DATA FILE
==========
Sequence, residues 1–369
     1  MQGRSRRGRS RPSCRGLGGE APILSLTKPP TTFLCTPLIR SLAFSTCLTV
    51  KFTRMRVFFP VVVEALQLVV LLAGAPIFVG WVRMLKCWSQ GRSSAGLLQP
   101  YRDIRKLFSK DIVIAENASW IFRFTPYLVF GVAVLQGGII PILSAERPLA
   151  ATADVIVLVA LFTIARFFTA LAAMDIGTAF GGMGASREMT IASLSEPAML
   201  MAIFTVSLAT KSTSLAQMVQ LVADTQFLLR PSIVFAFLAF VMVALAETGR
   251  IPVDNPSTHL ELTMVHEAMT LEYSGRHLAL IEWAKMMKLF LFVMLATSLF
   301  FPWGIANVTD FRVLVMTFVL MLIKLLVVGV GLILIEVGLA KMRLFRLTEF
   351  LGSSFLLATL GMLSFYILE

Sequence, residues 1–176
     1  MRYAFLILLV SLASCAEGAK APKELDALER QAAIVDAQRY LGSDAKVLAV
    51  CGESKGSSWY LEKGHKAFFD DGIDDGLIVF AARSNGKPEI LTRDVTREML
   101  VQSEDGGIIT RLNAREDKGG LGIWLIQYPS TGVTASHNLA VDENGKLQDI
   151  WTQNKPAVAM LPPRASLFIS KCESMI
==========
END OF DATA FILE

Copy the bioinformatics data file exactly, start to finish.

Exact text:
Sequence, residues 1–369
     1  MQGRSRRGRS RPSCRGLGGE APILSLTKPP TTFLCTPLIR SLAFSTCLTV
    51  KFTRMRVFFP VVVEALQLVV LLAGAPIFVG WVRMLKCWSQ GRSSAGLLQP
   101  YRDIRKLFSK DIVIAENASW IFRFTPYLVF GVAVLQGGII PILSAERPLA
   151  ATADVIVLVA LFTIARFFTA LAAMDIGTAF GGMGASREMT IASLSEPAML
   201  MAIFTVSLAT KSTSLAQMVQ LVADTQFLLR PSIVFAFLAF VMVALAETGR
   251  IPVDNPSTHL ELTMVHEAMT LEYSGRHLAL IEWAKMMKLF LFVMLATSLF
   301  FPWGIANVTD FRVLVMTFVL MLIKLLVVGV GLILIEVGLA KMRLFRLTEF
   351  LGSSFLLATL GMLSFYILE

Sequence, residues 1–176
     1  MRYAFLILLV SLASCAEGAK APKELDALER QAAIVDAQRY LGSDAKVLAV
    51  CGESKGSSWY LEKGHKAFFD DGIDDGLIVF AARSNGKPEI LTRDVTREML
   101  VQSEDGGIIT RLNAREDKGG LGIWLIQYPS TGVTASHNLA VDENGKLQDI
   151  WTQNKPAVAM LPPRASLFIS KCESMI